In addition, the agent need not (under M.C.A. § 37-51-102) disclose that someone who lived in the property has or has had a communicable disease or that the property was the site of a suicide or felony.
Initially, you may feel fortunate to live in a state that doesn’t force you to reveal damaging defects about your property. However, you may be surprised to learn that there are some long-term benefits and protections associated with making disclosures—and that, as a result, many Montana sellers choose to affirmatively make such disclosures.
Many Montana real estate agents use a simple, three-page Seller Disclosure Form. This form asks you to check “Yes,” “No,” or “Don’t Know” in response to a few dozen questions about your property. For example, you are asked how old the home is, whether it is the subject of any liens or lawsuits, and whether you are aware of any major problems with various aspects of the house (heating, cooling, electrical, plumbing, and so forth).
Although the form is short, the answers should give potential buyers a fairly comprehensive snapshot of any known defects with your property—at least enough information to know what they should pay particular attention to when commissioning inspections of their own. The form also gives you additional space to explain any of your responses to those questions in greater detail, and encourages you to attach pages if necessary.
What is the point of this disclosure form, if Montana doesn’t require it? First, it sets clear expectations regarding the quality and condition of the home, and may smooth negotiations while you’re in escrow. The buyer will see from the start that you are being open and honest about the condition of the house, and will have less reason to react with shock and dismay if and when the inspection report turns up defects. (Imagine, by contrast, if you were to disclose nothing, after which the buyer hires a home inspector who finds unmitigated outbreaks of mold throughout the home. The buyer would not be particularly pleased, and would likely try to renegotiate the sale price or demand repairs).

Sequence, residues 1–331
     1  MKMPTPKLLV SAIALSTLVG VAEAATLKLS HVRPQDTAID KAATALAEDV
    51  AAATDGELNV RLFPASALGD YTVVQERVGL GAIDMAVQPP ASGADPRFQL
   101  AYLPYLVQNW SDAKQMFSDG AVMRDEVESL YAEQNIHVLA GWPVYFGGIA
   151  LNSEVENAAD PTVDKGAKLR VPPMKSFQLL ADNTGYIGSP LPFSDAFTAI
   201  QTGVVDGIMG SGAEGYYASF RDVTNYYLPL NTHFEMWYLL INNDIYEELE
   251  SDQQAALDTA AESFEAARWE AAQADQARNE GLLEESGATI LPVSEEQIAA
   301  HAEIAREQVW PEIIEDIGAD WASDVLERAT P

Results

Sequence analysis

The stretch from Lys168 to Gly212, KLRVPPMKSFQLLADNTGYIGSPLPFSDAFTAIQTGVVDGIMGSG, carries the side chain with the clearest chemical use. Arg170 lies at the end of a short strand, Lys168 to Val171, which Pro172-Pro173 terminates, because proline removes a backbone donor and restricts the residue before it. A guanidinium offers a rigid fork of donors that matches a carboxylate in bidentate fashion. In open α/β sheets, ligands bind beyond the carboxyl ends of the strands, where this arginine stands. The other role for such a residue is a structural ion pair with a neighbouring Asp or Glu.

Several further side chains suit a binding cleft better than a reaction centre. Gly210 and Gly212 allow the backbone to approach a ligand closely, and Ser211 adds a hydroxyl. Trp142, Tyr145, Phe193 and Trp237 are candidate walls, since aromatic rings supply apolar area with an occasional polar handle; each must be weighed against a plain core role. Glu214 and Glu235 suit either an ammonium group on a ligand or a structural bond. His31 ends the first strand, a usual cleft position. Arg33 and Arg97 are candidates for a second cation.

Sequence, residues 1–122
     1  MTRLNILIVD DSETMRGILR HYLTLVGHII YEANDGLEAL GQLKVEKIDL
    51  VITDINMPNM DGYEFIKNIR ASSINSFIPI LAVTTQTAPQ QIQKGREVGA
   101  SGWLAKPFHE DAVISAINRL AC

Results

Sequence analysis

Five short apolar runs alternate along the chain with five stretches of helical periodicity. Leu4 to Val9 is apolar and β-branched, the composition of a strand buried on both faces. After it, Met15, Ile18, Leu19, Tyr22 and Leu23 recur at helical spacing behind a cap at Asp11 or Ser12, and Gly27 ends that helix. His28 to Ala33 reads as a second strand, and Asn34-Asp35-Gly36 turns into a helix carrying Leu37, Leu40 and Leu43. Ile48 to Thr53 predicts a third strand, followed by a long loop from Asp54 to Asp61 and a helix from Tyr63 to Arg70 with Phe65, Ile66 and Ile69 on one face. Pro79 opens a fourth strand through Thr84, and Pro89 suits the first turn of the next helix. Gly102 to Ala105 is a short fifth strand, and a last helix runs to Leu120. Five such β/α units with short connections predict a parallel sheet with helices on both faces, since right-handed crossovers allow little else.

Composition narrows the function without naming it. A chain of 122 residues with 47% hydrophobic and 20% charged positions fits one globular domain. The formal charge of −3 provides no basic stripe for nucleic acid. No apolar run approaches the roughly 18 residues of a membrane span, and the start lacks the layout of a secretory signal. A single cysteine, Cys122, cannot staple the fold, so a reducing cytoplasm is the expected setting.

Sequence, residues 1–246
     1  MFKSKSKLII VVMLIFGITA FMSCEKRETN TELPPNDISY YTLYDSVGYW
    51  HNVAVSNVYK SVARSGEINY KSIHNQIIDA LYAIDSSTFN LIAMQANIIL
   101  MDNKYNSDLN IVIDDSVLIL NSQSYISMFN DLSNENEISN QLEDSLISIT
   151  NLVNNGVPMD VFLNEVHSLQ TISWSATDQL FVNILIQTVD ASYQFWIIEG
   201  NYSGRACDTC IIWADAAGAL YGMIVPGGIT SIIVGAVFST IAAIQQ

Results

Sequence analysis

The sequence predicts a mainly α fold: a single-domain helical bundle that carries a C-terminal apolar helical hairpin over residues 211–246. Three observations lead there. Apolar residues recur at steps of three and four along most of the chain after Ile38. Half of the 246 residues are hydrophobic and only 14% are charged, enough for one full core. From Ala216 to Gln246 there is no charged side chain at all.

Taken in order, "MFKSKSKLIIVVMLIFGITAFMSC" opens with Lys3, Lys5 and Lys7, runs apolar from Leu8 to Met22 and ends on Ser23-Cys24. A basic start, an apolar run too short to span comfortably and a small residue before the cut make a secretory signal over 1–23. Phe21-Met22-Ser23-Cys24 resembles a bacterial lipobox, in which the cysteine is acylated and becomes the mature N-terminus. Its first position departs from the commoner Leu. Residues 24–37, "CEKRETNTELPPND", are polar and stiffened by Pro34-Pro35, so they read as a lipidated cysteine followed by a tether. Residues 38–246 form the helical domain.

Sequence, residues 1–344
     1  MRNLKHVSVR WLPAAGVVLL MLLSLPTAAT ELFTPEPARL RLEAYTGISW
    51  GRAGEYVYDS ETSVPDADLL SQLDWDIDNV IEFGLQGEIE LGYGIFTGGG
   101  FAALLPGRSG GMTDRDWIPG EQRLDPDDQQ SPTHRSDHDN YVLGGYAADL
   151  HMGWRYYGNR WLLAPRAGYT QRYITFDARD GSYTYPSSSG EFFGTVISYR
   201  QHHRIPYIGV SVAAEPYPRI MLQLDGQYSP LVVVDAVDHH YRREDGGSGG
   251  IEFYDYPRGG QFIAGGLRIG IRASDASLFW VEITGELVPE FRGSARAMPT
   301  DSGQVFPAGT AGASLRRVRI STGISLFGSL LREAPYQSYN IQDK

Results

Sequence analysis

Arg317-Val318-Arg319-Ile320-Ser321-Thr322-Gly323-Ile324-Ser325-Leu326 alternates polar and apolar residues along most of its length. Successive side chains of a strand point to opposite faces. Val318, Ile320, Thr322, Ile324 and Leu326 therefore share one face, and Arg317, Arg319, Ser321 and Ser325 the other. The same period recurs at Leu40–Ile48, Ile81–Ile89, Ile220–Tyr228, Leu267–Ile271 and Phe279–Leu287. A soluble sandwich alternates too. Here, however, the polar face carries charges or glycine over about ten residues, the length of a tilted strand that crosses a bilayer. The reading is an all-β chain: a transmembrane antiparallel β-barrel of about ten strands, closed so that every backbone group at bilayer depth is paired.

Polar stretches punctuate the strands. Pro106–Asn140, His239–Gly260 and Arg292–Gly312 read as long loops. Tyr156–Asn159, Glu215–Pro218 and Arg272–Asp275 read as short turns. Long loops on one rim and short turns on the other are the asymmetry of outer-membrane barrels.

Second, the disclosure prevents the buyer from later claiming that he or she did not know about a particularly defect. Imagine that there is a busted HVAC system, and you do not say anything to the potential buyer. Even if the sale does close successfully, the buyer will quickly discover the problem upon trying to turn on the heat. Any claim that you “didn’t know” about it would be, at best, difficult to believe. The buyer will be angry; not just because you were dishonest by omission, but also because the buyer will now have to face the (probably significant) cost of remediating the basement and fixing the leak. This creates a risk that the buyer may sue you for breach of contract or fraud.
Of course, you may have strong arguments to beat such a buyer’s lawsuits, especially if your purchase contract included a caveat emptor clause. Still, nothing prevents the buyer from suing you. The buyer may lose the legal arguments, but you will be forced to hire an attorney and engage in the stress of litigation. Making a full and forthright disclosure would ensure that the buyer’s expectations match reality. All of this will help to make sure that your home sale in the Big Sky State goes as smoothly as possible.